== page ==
The concentration of most of the crew in the glass nose made the He 111 vulnerable to concentrated fire from a head-on attack.[86]

File:Bundesarchiv Bild 101I-401-0240-20, Flugzeug Heinkel He 111.jpg
A frontal shot of a He 111H, summer 1940. The cockpit design gave the crew excellent vision but was vulnerable to attack from a head-on position

The advantages won in July and August were destroyed by the switch of strategy to bombing British cities (known as the Blitz) on 7 September 1940. The He 111 was now being asked to perform in the role of the strategic bomber, something it had not been intended for. Despite this, the He 111 carried enough destructive power to cause severe damage to strategic targets; the de Havilland Mosquito factory near Bristol was devastated by Kampfgeschwader 53 on 30 August. A month later, the Woolston factory was destroyed largely by He 111s of Kampfgeschwader 55 on 26 September; the factory had been producing the Supermarine Spitfire. This attack forced the factory's closure and dispersal, though the disruption to production was, at that time, not as serious as it would have been in July/August 1940.[87]

He 111s were fitted with the Knickebein during the Blitz, leading to the Battle of the Beams. This system was intended to increase the navigational ability of the He 111. Several aircraft using this system were needlessly risked over London in nuisance raids in the winter 1939/40. One was shot down on 13 February 1940 but the crew were killed and the aircraft was lost over the North Sea. The Knickebein was later upgraded to the X-Gerät. This was expected to increase the precision to the extent that it could target individual buildings. Eventually, the Y-Gerät was introduced, as an enhanced version of the previous X system.[40] On 3 November 1940 the RAF had a chance to evaluate a He 111 with the equipment. The bomber had landed along the coast and was partially submerged. A Royal Navy captain who arrived claimed command of the salvage operation as he was a superior rank to the attending Army Officer. The captain insisted the He 111 be towed to deeper water before hoisting it up. The ropes snapped and the He 111 sank. The machine was eventually pulled out, but the salt water had got into its Gerät system.[40]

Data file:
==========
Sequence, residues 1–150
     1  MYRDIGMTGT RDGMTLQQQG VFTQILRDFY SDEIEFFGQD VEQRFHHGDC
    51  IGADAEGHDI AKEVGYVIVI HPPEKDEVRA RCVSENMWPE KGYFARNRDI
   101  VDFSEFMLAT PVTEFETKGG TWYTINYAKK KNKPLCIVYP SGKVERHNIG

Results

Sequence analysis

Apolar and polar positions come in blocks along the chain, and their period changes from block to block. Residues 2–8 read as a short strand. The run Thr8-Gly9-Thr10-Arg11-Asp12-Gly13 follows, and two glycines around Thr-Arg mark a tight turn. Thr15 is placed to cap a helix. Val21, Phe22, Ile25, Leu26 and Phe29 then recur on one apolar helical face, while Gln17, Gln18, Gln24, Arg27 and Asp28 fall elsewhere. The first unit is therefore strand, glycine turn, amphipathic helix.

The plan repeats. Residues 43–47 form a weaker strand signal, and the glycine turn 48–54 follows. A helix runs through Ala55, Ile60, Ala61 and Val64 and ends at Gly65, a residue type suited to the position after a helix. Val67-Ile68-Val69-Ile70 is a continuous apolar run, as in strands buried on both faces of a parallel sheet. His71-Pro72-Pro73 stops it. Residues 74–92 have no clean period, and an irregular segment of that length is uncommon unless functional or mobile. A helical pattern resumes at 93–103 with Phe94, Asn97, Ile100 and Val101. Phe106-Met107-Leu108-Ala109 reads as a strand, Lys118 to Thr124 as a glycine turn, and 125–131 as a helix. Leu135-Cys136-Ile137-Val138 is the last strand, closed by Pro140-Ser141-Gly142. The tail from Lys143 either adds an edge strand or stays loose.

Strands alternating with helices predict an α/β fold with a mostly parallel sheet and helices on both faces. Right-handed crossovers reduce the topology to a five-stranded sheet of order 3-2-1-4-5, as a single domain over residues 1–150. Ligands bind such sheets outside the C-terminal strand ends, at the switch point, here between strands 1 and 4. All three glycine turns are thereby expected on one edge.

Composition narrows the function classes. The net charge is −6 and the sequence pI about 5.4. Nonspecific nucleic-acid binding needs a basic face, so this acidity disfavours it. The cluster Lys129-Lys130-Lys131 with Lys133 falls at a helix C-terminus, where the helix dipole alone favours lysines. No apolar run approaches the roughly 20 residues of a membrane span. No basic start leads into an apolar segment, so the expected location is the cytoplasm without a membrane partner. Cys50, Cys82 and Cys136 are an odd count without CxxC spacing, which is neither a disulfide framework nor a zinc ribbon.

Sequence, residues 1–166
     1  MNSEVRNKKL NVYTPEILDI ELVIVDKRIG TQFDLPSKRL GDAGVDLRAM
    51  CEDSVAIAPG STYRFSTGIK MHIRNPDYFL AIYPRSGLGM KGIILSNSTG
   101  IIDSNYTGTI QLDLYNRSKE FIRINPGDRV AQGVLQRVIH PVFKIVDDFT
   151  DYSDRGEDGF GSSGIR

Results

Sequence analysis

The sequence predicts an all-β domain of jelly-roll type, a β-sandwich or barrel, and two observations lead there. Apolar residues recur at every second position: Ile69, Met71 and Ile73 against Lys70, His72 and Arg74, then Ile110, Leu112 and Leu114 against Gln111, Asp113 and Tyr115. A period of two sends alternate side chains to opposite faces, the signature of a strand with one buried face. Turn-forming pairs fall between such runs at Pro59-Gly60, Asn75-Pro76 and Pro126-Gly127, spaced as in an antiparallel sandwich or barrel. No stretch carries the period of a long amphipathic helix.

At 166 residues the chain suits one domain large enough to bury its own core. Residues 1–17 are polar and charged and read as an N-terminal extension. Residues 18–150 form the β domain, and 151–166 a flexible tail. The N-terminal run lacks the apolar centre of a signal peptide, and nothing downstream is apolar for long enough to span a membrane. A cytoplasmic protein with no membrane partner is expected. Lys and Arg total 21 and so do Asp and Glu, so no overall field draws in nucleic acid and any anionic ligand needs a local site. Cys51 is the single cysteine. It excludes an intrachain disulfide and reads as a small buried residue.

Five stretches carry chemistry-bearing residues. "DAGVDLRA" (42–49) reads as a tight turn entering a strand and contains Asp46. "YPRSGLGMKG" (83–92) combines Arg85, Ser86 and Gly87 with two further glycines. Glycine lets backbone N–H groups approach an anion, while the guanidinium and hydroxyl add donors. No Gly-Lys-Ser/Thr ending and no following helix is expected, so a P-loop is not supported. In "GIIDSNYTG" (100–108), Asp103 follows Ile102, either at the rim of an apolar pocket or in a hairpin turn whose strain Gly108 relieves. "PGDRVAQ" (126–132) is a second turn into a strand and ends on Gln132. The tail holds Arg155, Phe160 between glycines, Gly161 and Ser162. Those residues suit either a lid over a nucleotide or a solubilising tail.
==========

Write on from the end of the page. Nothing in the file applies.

The Luftwaffe tried to attack industrial, transport and civilian targets simultaneously but failed to do so. Even so the He 111 contributed to the Birmingham Blitz, Bristol Blitz, Barrow Blitz, Coventry Blitz, Liverpool Blitz, Plymouth Blitz and Southampton Blitz which caused severe damage. Some of these targets were obscured by cloud, but the equipped X-Gerät Heinkels inflicted heavy damage. However the British countered its use with decoy sites to attract the attention of bombers and the "Meacon" system, which disrupted Luftwaffe beacon transmissions.[40]